Long range surveillance

For coastal surveillance, a large receive array of hydrophones is usually deployed close to the shore and connected with cables to a land-based processing center. To enable long range target detection (far away from the shore), one can use a powerful mobile projector, deployable from the ship. A system of this kind exploits the idea of “bringing the projector closer to area of interest and getting the transmission loss down”.

Large area surveillance with a single projector and a net of receivers

A system of this type is multistatic. It exploits the idea of “cover the area of interest with a sparse net of receivers and ensonify the whole area with a powerful projector”. Receive nodes may be sonobuoys (with radio communication link to a processing center) or autonomous underwater vehicles (AUVs) with an acoustic communication link.[2] The example is GOATS project,[3] using AUVs as receive nodes.

Low frequency towed sonar

The lower the frequency, the less the transmission loss absorbing and scattering components. On the other hand, the lower the frequency, the larger the size of directional projector and receive array. So the ship-deployable long range sonar is a low frequency bistatic towed array sonar with spatially separated projector and receive array. The example is LFATS towed sonar.[4]

Buried object detection

To detect a buried object, the transmit ping must penetrate into the bottom. That requires a powerful and highly directional projector. Next, a directional receiver should be placed at the point where the “target + surrounding bottom” reflection is the best. This is a bistatic system. The example is SITAR project,[5] developed to find objects like toxic waste containers and mines.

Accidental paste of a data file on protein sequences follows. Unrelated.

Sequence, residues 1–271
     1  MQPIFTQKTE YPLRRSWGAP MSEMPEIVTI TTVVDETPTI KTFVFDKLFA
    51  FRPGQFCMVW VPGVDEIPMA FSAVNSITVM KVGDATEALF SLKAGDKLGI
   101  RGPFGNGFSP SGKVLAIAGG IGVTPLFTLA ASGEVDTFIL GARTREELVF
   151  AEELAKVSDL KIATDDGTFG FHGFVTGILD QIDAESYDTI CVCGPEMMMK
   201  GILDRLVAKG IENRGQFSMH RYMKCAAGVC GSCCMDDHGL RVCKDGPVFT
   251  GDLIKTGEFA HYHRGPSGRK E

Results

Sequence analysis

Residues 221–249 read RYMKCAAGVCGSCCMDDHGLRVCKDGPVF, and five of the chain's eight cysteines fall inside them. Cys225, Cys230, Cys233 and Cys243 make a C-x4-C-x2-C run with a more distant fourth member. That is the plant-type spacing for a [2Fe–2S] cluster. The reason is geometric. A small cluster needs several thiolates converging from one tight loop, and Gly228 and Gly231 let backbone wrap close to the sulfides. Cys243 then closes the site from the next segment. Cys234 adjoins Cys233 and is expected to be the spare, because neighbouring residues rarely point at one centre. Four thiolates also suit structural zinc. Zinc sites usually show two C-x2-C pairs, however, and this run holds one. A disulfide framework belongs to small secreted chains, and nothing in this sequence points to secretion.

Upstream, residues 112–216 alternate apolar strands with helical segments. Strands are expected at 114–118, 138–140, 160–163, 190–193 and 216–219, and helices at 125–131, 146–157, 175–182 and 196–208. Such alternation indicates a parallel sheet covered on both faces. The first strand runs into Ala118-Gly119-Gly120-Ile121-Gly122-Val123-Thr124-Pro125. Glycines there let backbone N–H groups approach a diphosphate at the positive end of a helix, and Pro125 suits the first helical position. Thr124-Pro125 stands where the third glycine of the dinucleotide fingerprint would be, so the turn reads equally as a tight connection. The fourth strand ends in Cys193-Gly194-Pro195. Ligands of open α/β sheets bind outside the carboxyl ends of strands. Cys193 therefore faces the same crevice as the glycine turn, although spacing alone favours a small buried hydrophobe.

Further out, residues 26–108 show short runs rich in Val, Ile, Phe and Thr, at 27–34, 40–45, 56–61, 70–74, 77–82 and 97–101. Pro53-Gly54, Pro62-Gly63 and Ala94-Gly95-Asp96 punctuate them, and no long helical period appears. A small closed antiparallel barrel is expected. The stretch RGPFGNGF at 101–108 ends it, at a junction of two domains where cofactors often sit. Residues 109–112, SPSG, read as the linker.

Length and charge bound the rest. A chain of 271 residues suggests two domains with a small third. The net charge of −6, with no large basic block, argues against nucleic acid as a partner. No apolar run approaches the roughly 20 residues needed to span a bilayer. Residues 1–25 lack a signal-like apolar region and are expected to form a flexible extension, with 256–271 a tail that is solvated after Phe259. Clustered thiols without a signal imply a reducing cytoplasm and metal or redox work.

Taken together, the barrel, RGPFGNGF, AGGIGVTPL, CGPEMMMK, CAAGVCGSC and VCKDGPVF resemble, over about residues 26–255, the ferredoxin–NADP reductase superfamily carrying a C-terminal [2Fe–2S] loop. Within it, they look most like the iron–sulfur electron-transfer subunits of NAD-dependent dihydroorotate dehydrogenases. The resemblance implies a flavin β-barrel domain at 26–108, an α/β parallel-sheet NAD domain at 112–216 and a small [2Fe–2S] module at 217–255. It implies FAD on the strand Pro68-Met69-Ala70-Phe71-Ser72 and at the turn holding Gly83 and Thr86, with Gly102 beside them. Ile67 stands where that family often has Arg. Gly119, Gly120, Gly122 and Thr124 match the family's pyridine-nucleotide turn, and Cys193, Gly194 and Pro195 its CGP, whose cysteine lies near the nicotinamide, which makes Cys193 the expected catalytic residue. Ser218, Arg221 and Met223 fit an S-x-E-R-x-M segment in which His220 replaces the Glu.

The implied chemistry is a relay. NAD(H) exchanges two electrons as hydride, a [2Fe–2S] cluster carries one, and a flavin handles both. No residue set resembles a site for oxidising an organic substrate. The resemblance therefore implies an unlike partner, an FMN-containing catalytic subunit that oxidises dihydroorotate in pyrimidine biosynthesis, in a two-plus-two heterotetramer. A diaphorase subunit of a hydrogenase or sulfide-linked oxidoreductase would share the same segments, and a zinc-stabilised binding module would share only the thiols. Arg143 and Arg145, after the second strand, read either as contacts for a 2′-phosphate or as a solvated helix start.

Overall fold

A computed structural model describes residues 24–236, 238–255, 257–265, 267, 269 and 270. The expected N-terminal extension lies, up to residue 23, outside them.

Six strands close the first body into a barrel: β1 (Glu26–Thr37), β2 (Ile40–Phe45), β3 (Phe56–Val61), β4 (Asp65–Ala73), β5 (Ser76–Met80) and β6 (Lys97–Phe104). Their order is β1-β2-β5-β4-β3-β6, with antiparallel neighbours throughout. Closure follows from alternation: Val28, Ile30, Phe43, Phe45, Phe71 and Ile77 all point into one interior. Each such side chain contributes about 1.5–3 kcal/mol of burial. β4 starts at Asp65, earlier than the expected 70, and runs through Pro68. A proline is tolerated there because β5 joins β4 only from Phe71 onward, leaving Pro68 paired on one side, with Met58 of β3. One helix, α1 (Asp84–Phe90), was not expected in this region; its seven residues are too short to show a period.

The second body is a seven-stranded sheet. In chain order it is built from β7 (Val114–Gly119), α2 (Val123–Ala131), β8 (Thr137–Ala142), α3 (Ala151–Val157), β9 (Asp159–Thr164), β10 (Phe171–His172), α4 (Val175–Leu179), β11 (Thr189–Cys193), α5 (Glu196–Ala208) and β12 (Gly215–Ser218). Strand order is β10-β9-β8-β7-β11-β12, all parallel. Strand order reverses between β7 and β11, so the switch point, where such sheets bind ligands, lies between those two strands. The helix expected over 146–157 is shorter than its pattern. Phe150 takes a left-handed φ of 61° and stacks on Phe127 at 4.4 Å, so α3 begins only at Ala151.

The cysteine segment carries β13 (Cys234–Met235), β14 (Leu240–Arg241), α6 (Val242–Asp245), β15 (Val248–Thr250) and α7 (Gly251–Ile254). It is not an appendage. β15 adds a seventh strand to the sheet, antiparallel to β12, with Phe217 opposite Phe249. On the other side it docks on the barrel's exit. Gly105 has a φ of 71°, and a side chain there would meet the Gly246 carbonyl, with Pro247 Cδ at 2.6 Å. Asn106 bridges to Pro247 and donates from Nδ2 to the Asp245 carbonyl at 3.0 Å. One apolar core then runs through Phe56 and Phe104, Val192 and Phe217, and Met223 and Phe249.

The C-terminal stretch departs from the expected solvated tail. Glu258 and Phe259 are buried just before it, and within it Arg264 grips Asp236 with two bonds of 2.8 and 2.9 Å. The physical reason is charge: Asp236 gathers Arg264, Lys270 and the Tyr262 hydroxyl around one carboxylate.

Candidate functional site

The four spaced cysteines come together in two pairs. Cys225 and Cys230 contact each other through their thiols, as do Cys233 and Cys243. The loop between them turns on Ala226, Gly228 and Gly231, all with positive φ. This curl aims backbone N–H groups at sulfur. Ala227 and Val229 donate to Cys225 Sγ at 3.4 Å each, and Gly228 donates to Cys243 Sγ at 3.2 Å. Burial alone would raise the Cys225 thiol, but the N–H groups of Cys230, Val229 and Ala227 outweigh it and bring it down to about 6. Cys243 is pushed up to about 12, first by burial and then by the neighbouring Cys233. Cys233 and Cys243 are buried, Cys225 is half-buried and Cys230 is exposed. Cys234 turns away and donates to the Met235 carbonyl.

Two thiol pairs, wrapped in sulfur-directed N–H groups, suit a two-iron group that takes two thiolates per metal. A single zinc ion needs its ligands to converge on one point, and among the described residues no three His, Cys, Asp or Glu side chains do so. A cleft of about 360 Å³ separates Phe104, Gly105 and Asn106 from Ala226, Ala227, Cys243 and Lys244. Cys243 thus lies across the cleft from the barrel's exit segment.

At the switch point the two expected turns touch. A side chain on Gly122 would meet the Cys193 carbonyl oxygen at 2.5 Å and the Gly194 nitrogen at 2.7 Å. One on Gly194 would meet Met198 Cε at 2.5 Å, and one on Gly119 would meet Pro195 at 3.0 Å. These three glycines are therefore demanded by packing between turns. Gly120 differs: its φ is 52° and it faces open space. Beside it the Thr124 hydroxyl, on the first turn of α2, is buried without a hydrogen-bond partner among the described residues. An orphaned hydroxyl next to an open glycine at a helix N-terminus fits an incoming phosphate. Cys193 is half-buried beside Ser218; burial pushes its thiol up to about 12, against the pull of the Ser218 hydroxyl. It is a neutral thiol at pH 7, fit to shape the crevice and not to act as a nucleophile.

The principal advantages of bistatic and multistatic sonar include:

  • Lower procurement and maintenance costs (if using a third party's transmitter)
  • Operation without a frequency clearance (if using a third party's transmitter)
  • Covert operation of the receiver
  • Increased resilience to electronic countermeasures as waveform being used and receiver location are potentially unknown
  • Possible enhanced radar cross section of the target due to geometrical effects

The principal disadvantages of bistatic and multistatic sonar include:

  • System complexity
  • Costs of providing communication between sites
  • Lack of control over transmitter (if exploiting a third party transmitter)
  • Harder to deploy
  • Reduced low-level coverage due to the need for line-of-sight from several locations

See also


  1. Cox H. Fundamentals of Bistatic Active Sonar. In: "Underwater Acoustic Data Processing" by Y. T. Chan (editor). Springer, 1989
  2. Xiaolong Yu. Wireline Quality Wireless Communication Using High Speed Acoustic Modems. MTS/IEEE Oceans 2000, Volume 1, pp.417-422
  3. Te-Chih Lui, Schmidt H. AUV-based seabed target detection and tracking. MTS/IEEE Oceans 2002, Volume 1, pp.474-478
  4. P. K. Sengupta. LFATS' Competitive Advantages for Undersea Warfare in Shallow Waters. FORCE, June 2005, pp.8-10
  5. M. Cosci, A. Caiti, P. Blondel and N. Jasundre. A potential algorithm for target classification in bistatic sonar geometries. In: "Boundary Influences in High Frequency, Shallow Water Acoustics", by N.G. Page and P. Blondel (editors), University of Bath, UK, 2005


Further reading

  • N. K. Naluai et al. Bi-static applications of intensity processing. Journal of Acoustic Society of America, 2007, 121 (4), pp. 1909–1915
  • J. R. Edwards, H. Schmidt and K. LePage, "Bistatic synthetic aperture target detection and imaging with an AUV", IEEE Journal of Oceanic Engineering, 2001, 26(4): pp. 690–699
  • I. Lucifredi and H. Schmidt. Subcritical scattering from buried elastic shells. Journal of Acoustic Society of America, 2006, 120 (6), pp. 3566–3583, 2006
  • Captas Nano low frequency towed sonar.
  • J.I. Bowen and R.W. Mitnick. A Multistatic Performance Prediction Methodology. Johns Hopkins APL Technical Digest, 1999, v.2, No 3, pp. 424–431